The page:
I was thinking, in an open system, one could pump water up past a pipe's pressure capacity if you just pump it up to a reservoir to a height that is less than the pipe's pressure capacity, and then pump up the water further from that reservoir to the next one. The following picture describes what I am talking about.
My question is, can this be done in a closed system, where the reservoir is not exposed to the external atmosphere? Would it matter if a thick valve is used to try and isolate the succeeding columns, or would the pressure still transfer from the upper column of water to the lower column of water?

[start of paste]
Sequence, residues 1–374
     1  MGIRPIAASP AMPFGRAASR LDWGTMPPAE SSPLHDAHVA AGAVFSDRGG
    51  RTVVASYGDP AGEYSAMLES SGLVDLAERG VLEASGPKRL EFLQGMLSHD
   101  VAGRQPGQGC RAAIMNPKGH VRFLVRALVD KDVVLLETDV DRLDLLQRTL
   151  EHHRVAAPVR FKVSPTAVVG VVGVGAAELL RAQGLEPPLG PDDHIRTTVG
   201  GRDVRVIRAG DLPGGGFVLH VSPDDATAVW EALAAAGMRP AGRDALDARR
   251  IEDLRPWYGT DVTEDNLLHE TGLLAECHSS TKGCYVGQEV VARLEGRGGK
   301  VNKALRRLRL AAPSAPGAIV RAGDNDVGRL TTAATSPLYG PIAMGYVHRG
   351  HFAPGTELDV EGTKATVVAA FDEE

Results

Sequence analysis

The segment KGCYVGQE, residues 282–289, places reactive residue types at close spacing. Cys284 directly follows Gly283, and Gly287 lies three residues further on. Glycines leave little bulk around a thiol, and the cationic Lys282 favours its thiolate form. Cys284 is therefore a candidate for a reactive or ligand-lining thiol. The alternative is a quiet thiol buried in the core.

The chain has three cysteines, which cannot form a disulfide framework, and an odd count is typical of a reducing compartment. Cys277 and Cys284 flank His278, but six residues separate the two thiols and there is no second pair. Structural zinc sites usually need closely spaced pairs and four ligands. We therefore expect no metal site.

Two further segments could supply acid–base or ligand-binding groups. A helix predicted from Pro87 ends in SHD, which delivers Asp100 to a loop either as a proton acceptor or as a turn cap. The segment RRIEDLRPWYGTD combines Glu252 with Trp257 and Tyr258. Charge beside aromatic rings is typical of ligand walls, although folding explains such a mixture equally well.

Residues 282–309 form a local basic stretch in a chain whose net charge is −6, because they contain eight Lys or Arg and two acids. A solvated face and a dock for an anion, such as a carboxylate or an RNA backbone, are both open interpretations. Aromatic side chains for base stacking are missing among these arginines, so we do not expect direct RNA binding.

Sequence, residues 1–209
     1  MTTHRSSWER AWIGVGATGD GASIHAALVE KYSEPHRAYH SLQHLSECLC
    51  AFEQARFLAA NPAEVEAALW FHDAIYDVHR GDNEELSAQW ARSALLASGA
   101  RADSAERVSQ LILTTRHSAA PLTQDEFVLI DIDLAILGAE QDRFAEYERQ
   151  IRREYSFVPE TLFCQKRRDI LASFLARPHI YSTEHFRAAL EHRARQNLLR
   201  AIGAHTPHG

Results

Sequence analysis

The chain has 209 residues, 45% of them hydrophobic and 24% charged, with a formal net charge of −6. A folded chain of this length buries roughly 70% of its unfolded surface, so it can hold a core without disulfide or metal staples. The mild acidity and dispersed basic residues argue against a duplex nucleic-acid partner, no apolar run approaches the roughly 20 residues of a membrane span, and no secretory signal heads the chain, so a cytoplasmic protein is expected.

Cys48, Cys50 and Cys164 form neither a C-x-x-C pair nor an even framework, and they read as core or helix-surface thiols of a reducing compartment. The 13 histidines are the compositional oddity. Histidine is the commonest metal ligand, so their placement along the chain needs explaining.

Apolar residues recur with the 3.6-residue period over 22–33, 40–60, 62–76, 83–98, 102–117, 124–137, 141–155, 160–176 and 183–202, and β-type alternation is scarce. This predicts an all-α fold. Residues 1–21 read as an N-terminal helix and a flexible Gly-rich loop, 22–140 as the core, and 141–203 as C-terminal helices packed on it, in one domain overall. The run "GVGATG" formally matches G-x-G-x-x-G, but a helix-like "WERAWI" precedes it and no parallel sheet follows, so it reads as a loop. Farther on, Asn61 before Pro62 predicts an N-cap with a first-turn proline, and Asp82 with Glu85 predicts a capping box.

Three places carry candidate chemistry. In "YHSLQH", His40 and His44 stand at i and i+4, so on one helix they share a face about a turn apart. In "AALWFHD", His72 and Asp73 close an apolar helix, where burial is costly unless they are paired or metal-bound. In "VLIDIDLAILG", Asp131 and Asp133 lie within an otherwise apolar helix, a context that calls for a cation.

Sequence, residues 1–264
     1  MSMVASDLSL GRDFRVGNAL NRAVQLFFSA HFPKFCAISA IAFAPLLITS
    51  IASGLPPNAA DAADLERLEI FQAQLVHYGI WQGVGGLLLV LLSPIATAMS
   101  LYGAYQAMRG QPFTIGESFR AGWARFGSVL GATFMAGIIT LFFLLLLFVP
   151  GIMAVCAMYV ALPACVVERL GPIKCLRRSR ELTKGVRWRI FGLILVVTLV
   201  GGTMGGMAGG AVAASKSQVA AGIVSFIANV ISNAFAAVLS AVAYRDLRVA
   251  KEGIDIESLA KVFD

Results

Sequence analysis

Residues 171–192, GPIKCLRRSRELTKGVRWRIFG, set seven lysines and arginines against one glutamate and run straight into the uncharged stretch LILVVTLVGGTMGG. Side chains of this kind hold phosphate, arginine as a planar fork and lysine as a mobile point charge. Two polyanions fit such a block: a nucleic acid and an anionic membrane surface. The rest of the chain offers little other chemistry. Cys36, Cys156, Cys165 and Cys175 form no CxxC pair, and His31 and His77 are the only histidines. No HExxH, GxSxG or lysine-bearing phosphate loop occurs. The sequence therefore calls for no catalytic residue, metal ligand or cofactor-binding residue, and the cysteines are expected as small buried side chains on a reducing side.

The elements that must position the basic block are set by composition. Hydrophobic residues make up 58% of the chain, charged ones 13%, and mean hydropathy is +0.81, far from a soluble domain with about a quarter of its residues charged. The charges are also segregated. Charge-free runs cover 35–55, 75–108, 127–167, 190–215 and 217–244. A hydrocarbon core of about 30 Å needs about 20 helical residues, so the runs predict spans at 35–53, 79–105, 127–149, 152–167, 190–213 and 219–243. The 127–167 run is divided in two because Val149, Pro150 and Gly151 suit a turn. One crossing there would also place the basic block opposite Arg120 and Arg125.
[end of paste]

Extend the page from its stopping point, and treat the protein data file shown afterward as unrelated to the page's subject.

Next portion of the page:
As it is a closed system, there would have to be a loop at each level so as the water is pumped up, a gas (water vapour) would be pumped down. Something like this: The white boxes are the reservoirs. The green pipes would pump liquid water up. The pink pipes would allow gaseous water vapour down. On each end of each pipe, you could have a heavy valve which can open and close. Actually, would such a valve be even necessary? With this configuration, the height of the column is now just the height of each pipe for pumping water up, right? But if that were the case, then you could just have a pipe that would go up, down, and then up again. Is the gas doing something or am I missing something?